WASHINGTON (Reuters) - The United States used waterboarding in terrorism interrogations but no longer does, a former U.S. spy chief said in the Bush administration’s clearest confirmation of the technique’s use.
U.S. officials have been reluctant to acknowledge the CIA’s use of the simulated drowning technique, which human rights groups call an illegal form of torture.
The remarks by former Director of National Intelligence John Negroponte in an interview with National Journal magazine come as senators are expected on Wednesday to grill Attorney General Michael Mukasey on a promised review of the legality of interrogation methods.
Asked by the magazine if debate over U.S. counterterrorism techniques was hampering its effort in a “war of ideas,” Negroponte said, “We’ve taken steps to address the issue of interrogations, for instance, and waterboarding has not been used in years.”
Negroponte served from 2005 to 2007 as the first director of national intelligence, a position created by President George W. Bush in the wake of the September 11 attacks. Negroponte is now deputy secretary of state. He spoke in an interview published in the National Journal’s January 25 issue.
“It (waterboarding) wasn’t used when I was director of national intelligence, nor even a few years before that,” he said. “I get concerned that we’re too retrospective and tend to look in the rearview mirror too often at things that happened four or even six years ago.”
Negroponte’s remarks appear to confirm earlier reports that the CIA discontinued waterboarding in 2003, after using it on three “high-value” detainees. Vice President Dick Cheney once suggested waterboarding was “an important tool” used to interrogate September 11 mastermind Khalid Sheikh Mohammed.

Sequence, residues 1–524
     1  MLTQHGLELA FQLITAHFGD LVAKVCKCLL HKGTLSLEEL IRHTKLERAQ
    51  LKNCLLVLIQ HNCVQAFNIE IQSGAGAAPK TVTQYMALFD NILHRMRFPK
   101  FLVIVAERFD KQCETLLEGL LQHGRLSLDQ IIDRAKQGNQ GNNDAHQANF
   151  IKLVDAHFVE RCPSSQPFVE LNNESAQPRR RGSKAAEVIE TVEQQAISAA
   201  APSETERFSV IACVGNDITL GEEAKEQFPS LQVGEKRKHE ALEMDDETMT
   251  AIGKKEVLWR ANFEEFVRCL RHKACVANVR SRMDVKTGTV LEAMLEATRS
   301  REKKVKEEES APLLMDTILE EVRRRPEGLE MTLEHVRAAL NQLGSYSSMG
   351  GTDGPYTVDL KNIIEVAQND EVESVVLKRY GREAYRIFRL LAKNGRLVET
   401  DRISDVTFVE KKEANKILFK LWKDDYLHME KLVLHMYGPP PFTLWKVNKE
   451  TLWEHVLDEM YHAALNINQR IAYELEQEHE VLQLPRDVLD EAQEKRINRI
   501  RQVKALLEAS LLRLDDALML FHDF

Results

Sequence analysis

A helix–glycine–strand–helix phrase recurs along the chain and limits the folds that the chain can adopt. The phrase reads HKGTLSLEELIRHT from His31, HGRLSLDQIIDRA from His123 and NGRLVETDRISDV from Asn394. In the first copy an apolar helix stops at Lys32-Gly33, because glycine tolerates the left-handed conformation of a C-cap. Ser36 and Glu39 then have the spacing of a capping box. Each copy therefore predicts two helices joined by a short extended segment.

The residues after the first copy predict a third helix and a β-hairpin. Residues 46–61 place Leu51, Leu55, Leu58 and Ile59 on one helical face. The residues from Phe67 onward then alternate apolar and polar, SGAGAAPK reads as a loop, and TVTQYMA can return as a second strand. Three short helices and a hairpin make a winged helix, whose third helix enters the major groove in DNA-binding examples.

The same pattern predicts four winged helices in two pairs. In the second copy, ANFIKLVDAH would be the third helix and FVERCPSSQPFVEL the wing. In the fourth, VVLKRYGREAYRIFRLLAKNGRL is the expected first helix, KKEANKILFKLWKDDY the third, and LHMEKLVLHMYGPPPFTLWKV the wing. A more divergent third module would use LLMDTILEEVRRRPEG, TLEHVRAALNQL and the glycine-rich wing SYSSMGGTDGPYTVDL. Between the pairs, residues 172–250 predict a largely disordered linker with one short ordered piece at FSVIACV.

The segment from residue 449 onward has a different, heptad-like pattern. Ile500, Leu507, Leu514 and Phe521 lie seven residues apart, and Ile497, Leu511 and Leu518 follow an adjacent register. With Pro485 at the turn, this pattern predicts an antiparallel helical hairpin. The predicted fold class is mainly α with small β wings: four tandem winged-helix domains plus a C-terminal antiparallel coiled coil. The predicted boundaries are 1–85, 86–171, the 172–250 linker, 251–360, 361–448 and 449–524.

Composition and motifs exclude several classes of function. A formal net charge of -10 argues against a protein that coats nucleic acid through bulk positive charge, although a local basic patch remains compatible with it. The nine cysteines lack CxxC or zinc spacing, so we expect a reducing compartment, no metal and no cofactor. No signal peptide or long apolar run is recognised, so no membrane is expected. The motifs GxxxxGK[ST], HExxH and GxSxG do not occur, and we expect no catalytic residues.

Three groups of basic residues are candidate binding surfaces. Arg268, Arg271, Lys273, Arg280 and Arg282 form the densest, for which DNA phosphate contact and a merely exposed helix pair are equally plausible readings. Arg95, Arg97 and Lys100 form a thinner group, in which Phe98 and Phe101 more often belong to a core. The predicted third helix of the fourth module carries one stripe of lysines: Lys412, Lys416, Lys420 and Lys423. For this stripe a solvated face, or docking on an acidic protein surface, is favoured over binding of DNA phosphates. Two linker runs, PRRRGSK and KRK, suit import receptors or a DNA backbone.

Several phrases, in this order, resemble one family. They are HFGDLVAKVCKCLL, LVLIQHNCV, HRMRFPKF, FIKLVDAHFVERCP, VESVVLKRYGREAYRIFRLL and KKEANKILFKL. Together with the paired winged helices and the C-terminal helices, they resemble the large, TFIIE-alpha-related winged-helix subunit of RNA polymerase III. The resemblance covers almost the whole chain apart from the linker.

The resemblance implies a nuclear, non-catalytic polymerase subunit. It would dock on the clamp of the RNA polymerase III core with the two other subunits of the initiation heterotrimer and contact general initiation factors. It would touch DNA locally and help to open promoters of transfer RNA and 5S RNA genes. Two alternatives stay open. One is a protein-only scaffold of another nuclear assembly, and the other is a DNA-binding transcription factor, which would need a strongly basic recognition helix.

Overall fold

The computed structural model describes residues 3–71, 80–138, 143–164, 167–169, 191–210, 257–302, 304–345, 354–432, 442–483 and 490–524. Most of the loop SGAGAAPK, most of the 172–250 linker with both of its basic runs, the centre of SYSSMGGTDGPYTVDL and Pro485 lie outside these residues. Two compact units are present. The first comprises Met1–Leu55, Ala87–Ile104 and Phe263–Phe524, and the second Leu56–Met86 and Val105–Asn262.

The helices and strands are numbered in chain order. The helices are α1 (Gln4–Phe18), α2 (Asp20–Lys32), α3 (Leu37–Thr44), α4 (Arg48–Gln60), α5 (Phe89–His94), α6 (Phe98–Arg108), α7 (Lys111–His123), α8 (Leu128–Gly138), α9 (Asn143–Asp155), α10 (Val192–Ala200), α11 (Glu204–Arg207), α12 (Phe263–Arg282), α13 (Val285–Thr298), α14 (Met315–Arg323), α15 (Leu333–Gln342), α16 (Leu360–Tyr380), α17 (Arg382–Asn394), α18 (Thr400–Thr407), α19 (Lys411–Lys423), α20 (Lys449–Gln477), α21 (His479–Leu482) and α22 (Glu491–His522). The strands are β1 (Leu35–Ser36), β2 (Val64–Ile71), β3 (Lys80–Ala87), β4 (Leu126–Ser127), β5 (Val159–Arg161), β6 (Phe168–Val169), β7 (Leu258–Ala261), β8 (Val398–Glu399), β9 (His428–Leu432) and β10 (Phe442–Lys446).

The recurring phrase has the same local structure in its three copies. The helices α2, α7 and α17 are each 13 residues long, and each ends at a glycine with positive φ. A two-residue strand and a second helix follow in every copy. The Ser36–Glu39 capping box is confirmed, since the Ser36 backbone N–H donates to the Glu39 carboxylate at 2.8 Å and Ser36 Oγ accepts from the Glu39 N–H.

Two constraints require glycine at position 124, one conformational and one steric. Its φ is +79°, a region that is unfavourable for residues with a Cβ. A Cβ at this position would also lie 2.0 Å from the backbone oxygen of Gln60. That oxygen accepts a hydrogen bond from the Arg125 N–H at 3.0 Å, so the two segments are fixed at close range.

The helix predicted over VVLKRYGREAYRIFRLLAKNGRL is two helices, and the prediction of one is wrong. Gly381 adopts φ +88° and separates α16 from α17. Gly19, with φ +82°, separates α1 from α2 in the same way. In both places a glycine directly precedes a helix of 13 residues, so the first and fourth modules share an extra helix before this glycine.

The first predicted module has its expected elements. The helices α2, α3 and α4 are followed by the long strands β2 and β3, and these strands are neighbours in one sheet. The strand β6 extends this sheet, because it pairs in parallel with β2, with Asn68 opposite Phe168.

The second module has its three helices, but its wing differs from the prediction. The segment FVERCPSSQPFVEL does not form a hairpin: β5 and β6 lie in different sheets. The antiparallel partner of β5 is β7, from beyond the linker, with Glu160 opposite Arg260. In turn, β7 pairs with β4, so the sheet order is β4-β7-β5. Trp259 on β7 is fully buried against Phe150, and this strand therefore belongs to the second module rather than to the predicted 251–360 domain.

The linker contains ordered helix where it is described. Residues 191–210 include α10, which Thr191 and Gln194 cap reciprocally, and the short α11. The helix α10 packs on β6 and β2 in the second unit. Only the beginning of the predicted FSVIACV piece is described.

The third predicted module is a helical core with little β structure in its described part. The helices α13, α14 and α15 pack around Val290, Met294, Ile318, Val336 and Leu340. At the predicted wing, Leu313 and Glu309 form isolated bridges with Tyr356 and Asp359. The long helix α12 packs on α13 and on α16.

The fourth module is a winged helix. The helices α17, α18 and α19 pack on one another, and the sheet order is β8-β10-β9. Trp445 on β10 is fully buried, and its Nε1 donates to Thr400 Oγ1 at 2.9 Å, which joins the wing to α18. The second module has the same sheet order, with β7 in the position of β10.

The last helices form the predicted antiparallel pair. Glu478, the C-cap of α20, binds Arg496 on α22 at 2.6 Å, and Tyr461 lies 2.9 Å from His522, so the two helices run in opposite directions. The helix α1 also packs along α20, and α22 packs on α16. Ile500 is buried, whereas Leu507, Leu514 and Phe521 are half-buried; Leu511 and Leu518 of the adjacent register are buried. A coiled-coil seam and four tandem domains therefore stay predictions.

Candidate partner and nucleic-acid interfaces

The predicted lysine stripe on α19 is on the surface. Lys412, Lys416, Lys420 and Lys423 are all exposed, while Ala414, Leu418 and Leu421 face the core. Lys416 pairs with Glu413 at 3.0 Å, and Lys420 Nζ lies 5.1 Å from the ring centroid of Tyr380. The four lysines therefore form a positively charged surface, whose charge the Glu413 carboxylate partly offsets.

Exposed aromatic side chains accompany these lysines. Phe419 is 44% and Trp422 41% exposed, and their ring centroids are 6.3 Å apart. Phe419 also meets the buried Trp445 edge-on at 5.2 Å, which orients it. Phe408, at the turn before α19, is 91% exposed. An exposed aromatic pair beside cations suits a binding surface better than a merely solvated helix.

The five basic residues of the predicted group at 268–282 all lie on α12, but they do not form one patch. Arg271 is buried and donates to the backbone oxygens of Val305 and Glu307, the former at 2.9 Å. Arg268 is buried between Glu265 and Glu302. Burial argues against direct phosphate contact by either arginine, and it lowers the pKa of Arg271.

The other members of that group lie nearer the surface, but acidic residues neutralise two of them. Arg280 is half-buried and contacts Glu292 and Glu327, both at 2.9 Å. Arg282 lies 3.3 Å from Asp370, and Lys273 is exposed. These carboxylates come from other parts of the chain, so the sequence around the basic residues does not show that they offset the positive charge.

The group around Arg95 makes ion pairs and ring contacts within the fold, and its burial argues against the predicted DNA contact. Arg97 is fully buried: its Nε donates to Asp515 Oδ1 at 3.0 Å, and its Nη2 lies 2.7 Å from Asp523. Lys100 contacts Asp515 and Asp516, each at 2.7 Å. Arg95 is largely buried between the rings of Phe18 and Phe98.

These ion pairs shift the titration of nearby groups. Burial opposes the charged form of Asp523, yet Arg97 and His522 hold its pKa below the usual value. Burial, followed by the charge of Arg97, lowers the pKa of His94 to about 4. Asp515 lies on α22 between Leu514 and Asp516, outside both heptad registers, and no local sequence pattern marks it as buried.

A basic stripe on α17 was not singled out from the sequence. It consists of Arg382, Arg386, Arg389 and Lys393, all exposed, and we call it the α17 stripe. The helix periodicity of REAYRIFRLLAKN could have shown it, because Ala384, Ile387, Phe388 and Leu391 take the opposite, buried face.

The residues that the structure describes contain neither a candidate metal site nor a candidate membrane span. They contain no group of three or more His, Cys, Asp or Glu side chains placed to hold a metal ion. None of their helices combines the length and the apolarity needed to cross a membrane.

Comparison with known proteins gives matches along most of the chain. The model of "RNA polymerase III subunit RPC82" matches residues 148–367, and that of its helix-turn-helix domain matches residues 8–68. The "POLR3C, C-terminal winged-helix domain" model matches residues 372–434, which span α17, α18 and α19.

Bush has regularly insisted that the United States does not torture but has declined to discuss what interrogation techniques are used. The CIA declined comment on Negroponte’s remarks.
Mukasey, who took office in November, promised in his Senate confirmation hearings to review U.S. interrogation methods. But he gave no sign in a meeting with reporters last week that he was ready to discuss the review at Wednesday’s hearing of the Senate Judiciary Committee.
Mukasey said it would focus on the existing interrogation program and the validity of department legal opinions regarding it — a hint that he might not review discontinued practices.
Mukasey made no mention of the review in his prepared testimony to the committee, released by the Justice Department on Monday.
Committee Chairman Patrick Leahy, a Vermont Democrat, took note of the omission and vowed in a statement to ask Mukasey “whether he agrees that waterboarding is torture and illegal.”
Mukasey was asked last week if he would answer senators’ inevitable questions about the issue, and replied, “I didn’t say that I wouldn’t answer it, I didn’t say that I would.”
Mukasey on January 2 ordered the Justice Department to investigate the CIA’s destruction of videotapes depicting the harsh interrogations of two terrorism suspects in 2002. At least one of the subjects, Abu Zubaydah, was believed to have been subjected to waterboarding.
Mukasey has rejected calls to appoint an independent counsel for the investigation. He has indicated investigators would be free to pursue evidence of illegal interrogation techniques in their probe, but department officials have said the focus remains on the tapes’ destruction.
Editing by Bill Trott